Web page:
2016 Theses Doctoral
Patient Engagement to Improve Medication Safety in the Hospital
Purpose: There is a pressing need to enhance patient safety in the hospital environment. While there are many initiatives that focus on improving patient safety, few have studied engaging patients themselves to participate in patient safety efforts. This work was motived by the belief that patients can contribute valuable information to their care and when equipped with the right tools, can play a role in improving medication safety in the hospital.
Methods: This research had three aims and used a mixed-methods approach to better understand the concept of engaging patients to improve medication safety. In order to gain insight into whether patients could beneficially contribute to the safety of their hospital care, my first aim was to understand current perspectives on the sharing of clinical information with patients while they were in the hospital. To accomplish this aim, I conducted surveys with clinicians and enrolled patients in a short field study in which they received full access to their clinical chart. In Aim 2, I conducted a study to establish that the Patient Activation Measure (PAM), a common measure of patient engagement in the outpatient setting, showed reliability and validity in the inpatient setting. Building on the knowledge from Aim 1 and using the PAM instrument from Aim 2, my third aim evaluated the impact of providing patients with access to a medication review tool while they were preparing to be admitted to the hospital. Aim 3 was achieved through a randomized controlled trial (RCT) involving 65 patients I recruited from the emergency department at Columbia University Medical Center. I also conducted a survey of admitting clinicians who had patients participate in the trial to identify the impact on clinician practices and to elicit feedback on their perceptions of the intervention.
Results: My research findings suggest that increased patient information sharing in the inpatient setting is beneficial and desirable to patients, and generally acceptable to clinicians. The clinician survey from Aim 1 showed that most respondents were comfortable with the idea of providing patients with their clinical information. Some expressed reservations that patients might misunderstand information and become unnecessarily alarmed or offended. In the patient field study from Aim 1, patients reported perceiving the information they received as highly useful, even if they did not fully understand complex medical terms. My primary contribution in Aim 2 was to provide sound evidence that the Patient Activation Measure is a valid and reliable tool for use in the inpatient setting. Establishing the validity and reliability of the PAM instrument in inpatient setting was essential for conducting the RCT in Aim 3, and it will provide a foundation for future clinicians and research investigators to measure and understand hospital patients’ levels of engagement.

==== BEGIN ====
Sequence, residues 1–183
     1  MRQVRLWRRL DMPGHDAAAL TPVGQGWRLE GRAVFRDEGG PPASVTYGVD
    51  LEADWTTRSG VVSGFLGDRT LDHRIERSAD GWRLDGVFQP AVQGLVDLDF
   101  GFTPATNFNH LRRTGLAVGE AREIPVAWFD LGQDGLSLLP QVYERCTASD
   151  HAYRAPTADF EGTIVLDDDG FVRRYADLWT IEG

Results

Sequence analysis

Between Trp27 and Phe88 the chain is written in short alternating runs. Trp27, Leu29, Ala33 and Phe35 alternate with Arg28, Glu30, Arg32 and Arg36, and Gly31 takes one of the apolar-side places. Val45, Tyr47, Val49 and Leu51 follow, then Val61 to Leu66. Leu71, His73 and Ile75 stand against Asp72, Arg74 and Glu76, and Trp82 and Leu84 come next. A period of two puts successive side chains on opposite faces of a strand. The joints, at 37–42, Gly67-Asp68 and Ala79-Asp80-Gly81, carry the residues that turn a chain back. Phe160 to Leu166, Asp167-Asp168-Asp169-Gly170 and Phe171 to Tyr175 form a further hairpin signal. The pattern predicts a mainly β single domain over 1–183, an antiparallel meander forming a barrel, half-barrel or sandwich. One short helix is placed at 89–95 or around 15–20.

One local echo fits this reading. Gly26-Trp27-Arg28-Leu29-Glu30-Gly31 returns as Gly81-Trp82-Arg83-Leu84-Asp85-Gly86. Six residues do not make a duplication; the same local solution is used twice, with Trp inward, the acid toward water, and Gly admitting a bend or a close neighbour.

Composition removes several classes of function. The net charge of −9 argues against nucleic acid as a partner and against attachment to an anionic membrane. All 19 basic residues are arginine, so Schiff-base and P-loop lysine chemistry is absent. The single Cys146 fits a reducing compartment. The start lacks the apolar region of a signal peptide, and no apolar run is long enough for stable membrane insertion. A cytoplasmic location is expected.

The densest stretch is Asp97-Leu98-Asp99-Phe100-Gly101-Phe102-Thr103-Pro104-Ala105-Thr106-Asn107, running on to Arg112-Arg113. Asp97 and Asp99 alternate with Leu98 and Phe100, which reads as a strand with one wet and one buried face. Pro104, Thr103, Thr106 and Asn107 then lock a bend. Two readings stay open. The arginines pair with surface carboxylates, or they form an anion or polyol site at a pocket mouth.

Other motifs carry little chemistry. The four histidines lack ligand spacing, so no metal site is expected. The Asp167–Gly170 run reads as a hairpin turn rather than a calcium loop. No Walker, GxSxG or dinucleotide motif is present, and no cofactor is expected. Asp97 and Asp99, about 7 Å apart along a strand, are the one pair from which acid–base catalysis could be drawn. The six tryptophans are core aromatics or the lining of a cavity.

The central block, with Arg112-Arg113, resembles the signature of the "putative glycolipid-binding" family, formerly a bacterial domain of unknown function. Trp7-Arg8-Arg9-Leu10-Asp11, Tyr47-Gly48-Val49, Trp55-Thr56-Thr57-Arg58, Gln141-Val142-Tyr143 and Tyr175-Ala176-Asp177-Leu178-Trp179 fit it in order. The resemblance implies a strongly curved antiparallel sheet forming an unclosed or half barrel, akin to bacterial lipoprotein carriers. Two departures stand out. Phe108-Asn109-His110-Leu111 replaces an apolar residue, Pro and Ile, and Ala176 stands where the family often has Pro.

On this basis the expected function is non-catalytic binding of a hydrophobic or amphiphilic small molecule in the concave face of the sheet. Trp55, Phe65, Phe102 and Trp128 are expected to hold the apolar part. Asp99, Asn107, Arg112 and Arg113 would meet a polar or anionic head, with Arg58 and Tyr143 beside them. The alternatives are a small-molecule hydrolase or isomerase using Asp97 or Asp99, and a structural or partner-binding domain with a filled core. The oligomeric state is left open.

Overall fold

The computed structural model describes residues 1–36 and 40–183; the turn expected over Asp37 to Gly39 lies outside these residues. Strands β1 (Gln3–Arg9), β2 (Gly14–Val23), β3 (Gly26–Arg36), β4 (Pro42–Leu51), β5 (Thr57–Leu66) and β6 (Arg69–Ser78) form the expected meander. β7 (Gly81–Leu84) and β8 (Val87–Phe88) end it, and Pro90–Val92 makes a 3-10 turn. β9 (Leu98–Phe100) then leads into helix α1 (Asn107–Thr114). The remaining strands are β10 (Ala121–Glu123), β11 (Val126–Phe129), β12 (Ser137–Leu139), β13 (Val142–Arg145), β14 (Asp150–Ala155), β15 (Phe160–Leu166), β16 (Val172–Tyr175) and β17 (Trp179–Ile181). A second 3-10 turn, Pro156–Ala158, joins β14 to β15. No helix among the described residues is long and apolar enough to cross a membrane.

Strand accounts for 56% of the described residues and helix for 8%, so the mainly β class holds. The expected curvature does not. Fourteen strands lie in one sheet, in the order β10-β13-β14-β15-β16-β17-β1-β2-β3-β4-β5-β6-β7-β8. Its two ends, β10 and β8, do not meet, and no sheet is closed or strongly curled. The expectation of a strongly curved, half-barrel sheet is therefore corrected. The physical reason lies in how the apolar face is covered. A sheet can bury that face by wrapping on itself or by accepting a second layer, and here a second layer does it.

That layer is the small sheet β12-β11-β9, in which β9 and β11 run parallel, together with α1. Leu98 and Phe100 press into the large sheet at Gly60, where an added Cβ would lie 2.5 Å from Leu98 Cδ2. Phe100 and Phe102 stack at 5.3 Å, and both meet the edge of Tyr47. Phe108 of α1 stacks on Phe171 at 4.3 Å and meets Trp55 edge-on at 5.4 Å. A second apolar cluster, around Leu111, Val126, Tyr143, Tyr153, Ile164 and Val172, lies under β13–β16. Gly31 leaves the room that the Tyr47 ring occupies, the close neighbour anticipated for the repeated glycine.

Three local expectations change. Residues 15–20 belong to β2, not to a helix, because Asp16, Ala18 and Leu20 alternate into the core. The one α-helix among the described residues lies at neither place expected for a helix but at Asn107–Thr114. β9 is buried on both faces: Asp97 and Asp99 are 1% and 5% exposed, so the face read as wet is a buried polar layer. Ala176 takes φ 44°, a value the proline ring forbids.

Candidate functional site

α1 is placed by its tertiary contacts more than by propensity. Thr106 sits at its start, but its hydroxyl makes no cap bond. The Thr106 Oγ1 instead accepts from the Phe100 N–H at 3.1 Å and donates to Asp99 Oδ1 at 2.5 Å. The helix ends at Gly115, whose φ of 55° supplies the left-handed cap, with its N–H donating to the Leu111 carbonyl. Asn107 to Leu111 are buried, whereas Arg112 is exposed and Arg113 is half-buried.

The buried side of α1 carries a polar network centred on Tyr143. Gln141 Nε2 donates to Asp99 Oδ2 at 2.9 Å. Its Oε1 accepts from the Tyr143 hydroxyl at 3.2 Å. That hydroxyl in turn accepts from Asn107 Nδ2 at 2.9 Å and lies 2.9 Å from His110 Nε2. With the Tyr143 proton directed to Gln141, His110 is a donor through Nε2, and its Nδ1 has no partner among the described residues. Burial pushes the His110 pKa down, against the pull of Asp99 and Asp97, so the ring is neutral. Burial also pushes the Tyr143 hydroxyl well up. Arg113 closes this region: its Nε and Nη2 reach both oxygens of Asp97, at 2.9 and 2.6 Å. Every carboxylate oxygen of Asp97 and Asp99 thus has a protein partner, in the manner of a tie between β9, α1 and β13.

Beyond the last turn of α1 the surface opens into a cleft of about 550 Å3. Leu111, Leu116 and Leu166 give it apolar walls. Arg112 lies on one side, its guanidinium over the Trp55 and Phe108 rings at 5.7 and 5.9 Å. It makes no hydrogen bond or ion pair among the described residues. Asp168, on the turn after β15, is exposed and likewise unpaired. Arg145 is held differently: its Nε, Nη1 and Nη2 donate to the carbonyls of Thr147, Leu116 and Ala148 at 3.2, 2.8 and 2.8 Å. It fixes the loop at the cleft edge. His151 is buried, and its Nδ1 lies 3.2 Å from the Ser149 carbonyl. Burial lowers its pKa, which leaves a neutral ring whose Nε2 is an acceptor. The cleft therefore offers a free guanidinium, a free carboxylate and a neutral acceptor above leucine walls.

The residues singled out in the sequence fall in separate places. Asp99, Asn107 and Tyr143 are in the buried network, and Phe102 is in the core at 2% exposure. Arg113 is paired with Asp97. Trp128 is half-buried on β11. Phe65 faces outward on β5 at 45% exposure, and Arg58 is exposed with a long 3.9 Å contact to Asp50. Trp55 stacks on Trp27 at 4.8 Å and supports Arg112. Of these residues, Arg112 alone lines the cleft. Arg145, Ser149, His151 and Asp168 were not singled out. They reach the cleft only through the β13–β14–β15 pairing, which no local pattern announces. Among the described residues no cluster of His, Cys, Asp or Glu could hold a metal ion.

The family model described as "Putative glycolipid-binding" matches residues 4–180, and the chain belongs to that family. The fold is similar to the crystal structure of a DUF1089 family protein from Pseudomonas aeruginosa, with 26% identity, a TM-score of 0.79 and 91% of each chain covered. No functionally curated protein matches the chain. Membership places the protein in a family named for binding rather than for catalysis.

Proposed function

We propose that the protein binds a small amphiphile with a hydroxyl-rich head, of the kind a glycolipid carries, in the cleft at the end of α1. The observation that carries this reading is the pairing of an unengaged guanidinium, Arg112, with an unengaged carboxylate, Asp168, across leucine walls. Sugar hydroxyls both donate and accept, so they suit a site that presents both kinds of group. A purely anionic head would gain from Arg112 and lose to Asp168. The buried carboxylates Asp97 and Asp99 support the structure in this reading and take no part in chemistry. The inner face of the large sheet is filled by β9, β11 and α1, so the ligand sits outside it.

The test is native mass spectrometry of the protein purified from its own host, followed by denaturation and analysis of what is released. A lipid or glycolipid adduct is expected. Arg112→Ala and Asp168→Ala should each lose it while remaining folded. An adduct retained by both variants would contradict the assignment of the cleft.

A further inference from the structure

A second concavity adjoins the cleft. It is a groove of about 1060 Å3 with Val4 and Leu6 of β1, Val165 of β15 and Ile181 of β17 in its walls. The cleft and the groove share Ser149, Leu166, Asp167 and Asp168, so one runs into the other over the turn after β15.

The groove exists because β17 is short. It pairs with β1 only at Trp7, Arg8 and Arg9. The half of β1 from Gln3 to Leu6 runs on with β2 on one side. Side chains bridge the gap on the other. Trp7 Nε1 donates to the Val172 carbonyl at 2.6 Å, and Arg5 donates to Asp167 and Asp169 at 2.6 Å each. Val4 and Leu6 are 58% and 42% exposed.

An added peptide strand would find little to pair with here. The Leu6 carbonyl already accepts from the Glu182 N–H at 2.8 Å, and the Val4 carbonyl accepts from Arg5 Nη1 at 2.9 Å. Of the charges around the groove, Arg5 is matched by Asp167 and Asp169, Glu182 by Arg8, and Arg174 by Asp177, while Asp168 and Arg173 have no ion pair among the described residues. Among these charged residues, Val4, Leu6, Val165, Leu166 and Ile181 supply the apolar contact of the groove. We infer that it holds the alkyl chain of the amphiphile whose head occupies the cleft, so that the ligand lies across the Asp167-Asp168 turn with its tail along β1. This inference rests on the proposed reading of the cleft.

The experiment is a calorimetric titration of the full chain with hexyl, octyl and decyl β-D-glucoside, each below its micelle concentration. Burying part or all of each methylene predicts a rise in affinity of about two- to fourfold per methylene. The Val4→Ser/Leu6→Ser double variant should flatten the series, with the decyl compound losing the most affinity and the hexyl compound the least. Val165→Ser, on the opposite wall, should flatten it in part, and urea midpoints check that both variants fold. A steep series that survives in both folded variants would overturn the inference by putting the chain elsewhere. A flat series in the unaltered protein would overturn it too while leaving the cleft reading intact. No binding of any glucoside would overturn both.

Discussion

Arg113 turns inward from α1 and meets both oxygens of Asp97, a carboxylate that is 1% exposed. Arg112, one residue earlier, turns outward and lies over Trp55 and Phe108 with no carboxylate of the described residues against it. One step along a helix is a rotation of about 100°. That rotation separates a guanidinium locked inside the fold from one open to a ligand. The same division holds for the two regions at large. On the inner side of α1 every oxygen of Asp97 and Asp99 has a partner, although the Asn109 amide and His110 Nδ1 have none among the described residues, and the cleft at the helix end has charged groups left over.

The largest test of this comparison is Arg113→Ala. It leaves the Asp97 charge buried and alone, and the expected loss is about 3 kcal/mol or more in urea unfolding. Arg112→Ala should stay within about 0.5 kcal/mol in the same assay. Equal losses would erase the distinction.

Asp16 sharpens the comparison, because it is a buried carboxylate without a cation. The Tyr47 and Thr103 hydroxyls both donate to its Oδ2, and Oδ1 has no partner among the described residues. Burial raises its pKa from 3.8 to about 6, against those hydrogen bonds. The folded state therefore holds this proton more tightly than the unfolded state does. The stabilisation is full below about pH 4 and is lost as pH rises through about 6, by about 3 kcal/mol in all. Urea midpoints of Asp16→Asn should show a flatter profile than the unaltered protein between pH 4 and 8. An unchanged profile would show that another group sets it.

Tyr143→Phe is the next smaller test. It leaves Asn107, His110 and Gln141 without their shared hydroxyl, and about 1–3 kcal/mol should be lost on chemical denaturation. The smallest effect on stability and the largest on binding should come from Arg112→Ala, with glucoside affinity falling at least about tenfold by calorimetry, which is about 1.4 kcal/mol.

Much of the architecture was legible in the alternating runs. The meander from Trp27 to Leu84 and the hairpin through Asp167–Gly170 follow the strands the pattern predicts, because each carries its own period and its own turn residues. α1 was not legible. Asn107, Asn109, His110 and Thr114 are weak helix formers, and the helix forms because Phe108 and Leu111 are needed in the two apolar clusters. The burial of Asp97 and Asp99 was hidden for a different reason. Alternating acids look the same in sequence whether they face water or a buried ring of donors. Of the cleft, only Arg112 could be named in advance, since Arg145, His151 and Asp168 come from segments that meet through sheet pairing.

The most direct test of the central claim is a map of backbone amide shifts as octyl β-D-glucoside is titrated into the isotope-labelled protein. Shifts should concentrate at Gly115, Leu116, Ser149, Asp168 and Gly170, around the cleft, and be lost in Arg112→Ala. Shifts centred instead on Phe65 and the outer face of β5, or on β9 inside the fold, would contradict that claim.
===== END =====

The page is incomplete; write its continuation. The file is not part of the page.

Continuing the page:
The results from the RCT in Aim 3 did not support my primary hypothesis that clinicians who had patients participate in their medication review process using an informatics tool would make more changes to the home medication list than clinicians who had patients in the control group. However, the results did suggest that most hospital patients are knowledgeable, willing, and able to contribute useful and important information to the medication reconciliation process. Interestingly, the clinicians I surveyed seemed far less convinced that their patients would be able to beneficially participate in the medication reconciliation process due to low health literacy and other barriers. Nevertheless, the clinicians did seem to believe that in theory, at least, patient involvement in the medication reconciliation process could have positive impacts on their workflow and potentially save them time.
Conclusion: The overall theme resulting from my research is that patients can be a valuable resource to improve patient safety in the hospital. Patients are generally knowledgeable and willing to more actively participate in their hospital care. By developing the structures and processes to facilitate greater patient engagement, hospitals can provide an extra layer of safety and error prevention, particularly with respect to the medications patients take at home. As with any medical treatment, active participation in patient safety efforts may not be possible for all patients. However, I believe that if the culture of a hospital encourages openness and transparency, and if patients are given the proper tools and information, the quality and safety of hospital care will improve.
- Prey_columbia_0054D_13511.pdf binary/octet-stream 2.96 MB Download File
More About This Work
- Academic Units
- Biomedical Informatics
- Thesis Advisors
- Vawdrey, David K.
- Ph.D., Columbia University
- Published Here
- August 16, 2016